I awoke one morning in Port St John, a beautiful tropical village in South Africa. I had spent the previous day in a hammock, overlooking the beach and having John, the broadly smiling barman, make me custom cocktails. While this was a wonderful way to spend the day, I felt I needed something a little more from my time today.
I greeted the hostel owner, sat down for a coffee and a chat, and asked her what I could do today. She looked into the distance and thought for a few moments.
‘Do you like Horse riding?’ she asked with a patented smirk.
‘I’ve never been, but I’m guessing I do’ I replied.
She scuttled to the back, and a few minutes later returned with news that a local man called ‘John’ (Which was his name to us, for we could not make Afrikaans sounds) was going to be waiting on the other side of the beach with a few horses, he’d take me, and whoever else wanted to come, around the local area. I grabbed my things, and got a lift from some Dutch guys, also intrigued by the idea.
I spent the day on the back of ‘Jojo’, one of John’s horses, seeing the forest around the town, racing along the beach, and learning al about the history of Port St John. After a few hours, John led us to his home, where his wife was waiting. She had prepared a meal for us all, which we ate happily, and learned more about their life.
It was simply one of the most spectacular days I have ever had. The sights I saw, the history I learned, the friendship I felt. We all agreed to give John some money for this brilliant day, even though he initially refused. This wasn’t a business. This was a man who was willing to take random strangers around his town, share his food, and meet new people. A man willing to invite total strangers into his house, feed them, and welcome them, because that is exactly what he would expect anyone else to do for him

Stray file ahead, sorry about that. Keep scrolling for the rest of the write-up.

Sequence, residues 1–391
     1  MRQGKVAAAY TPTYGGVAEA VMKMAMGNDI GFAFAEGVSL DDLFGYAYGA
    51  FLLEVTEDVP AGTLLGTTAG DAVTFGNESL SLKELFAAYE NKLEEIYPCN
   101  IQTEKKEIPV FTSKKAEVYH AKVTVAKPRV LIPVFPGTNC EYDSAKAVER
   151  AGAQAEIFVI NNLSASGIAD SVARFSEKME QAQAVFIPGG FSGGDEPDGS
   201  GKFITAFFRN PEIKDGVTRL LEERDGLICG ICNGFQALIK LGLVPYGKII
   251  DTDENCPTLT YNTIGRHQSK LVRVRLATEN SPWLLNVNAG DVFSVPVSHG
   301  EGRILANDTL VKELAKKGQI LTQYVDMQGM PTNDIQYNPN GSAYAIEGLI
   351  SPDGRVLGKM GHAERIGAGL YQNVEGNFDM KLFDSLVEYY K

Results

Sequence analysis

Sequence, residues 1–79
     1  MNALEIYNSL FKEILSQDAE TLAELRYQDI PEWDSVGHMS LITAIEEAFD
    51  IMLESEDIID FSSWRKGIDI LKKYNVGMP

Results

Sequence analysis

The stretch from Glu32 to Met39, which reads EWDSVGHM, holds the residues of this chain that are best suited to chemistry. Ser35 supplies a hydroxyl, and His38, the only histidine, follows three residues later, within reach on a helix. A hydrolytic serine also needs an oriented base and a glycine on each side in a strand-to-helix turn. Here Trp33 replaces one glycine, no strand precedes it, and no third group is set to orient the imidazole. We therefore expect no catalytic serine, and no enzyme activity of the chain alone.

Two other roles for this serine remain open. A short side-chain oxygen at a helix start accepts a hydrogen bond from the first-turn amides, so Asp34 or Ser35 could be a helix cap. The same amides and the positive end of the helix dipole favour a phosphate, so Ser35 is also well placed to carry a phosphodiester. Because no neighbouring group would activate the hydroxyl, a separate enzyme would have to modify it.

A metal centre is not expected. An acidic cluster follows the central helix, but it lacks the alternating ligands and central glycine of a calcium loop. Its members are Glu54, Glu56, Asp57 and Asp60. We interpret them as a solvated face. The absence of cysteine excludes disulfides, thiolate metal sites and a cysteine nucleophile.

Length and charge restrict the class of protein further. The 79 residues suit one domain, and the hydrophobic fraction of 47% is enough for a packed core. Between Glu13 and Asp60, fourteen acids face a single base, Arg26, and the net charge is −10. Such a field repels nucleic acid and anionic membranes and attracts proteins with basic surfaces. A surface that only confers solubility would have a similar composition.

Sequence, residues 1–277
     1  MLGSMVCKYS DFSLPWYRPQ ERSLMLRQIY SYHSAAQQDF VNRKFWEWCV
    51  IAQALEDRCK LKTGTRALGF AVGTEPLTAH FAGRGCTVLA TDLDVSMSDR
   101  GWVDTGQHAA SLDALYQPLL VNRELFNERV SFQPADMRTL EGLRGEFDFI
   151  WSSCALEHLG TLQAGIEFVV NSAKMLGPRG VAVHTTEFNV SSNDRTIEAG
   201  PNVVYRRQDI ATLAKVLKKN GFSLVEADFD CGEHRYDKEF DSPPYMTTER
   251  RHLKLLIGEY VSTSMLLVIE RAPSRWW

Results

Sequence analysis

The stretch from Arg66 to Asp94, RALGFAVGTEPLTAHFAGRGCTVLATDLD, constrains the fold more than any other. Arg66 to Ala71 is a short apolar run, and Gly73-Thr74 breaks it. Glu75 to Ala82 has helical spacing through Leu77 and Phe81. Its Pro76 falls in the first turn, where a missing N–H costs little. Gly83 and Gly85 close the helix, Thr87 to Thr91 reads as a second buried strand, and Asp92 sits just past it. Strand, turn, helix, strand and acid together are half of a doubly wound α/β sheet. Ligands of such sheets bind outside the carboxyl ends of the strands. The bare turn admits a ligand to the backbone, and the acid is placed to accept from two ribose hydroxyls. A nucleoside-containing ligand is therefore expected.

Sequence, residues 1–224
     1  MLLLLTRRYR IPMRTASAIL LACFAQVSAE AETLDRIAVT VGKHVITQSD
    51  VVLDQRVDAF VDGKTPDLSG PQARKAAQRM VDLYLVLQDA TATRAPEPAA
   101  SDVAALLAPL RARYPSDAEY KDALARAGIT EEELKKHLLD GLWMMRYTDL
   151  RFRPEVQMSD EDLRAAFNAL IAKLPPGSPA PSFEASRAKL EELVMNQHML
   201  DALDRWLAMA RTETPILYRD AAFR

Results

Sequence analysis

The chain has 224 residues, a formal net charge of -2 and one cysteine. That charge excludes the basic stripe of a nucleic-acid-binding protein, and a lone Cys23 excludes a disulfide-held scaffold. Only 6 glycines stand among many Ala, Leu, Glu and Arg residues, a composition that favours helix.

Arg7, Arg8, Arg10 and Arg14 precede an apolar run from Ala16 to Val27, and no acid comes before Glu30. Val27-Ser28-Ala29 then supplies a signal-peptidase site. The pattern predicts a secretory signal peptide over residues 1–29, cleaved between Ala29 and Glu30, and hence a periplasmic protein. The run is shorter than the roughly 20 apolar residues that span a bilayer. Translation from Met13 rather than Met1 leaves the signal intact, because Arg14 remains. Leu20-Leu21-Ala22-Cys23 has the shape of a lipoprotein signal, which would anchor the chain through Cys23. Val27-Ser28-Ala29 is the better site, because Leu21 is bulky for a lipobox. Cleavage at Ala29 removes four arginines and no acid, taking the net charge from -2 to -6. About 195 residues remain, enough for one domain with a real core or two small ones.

A Few days after the wonderful Port St John day, and many packs of instant Noodles later, I entered into the dreaded phase of any trip. A sickness; the flu to be exact. I won’t go into too much detail, but sufficed to say, it was coming out of both ends. I laid in bed for 2 days, wishing my mum was there to bring me a milky cheese toasty. Shivering and shaking and wishing I was anywhere but a hostel in Cinsta during this time.
Eventually the illness subsided enough for me be alert and notice anything that was happening. As I came too from the delirium, I noticed a small package by my bed. Packed together nicely in a basket, were paracetamol, lemsips, a cooling towel, some tissues, and many other medical apparel.
Confused by the gift I looked around, trying to work out exactly what had occurred. A Canadian girl in my dorm looked over ‘Oh you’re awake’ she smiled brightly. ‘Do you feel any better?’
‘Yes, thank you…do you know where all this came from?’ I asked politely in between coughs
‘Yeah, we collected them together for you, you sounded really bad through the night, so everyone chipped in a few meds’.
Maybe I was still mildly delirious, but I was so utterly touched by the beauty of this. A group of people who did not know each other, came together to make sure another stranger got through his illness. Utterly wonderful.
In a hostel in Melbourne, I made many a friend. Nights of Drinking, days of exploring, many fun times were had. Two others in this wonderful place, had found romance and love with each other, decided to make it official, and get married.
When the day had begun, the couple had expected to venture to the Botanical gardens, where their friend, who would say a few words, and marry them (While drunk he had discovered an online application to become a registrar). With little fuss or event.
But I couldn’t let that happen. This was supposed to be the most beautiful day of their life. They needed to remember this. And if there was nowhere more perfect to help with my mission, than a hostel full of summertime travellers in Australia.
I rounded up friends, colleges, fellow hostellers, made cards, bought flowers, got friends to make a cake, and started the plan.
When the bride finally arrived at the Botanical gardens, she had a juggler walking her down the aisle. She had 30 people humming the wedding march with waiting confetti. She had a photographer for the day, and she had many friends there to cheer when they said “I Do.”
The reception back at the hostel was a goon filled wonderful night. Messages from everyone at the hostel were collected and given as a gift, and a day of wonderful magic fulfilled.
While I know this tale isn’t about a stranger, seeing as I done it, I feel it is a story about the willingness of travellers to be nice to someone they hardly know. To try to make a day special for a stranger. Be it birthday, anniversary or wedding day, we’re simply always ready for a story.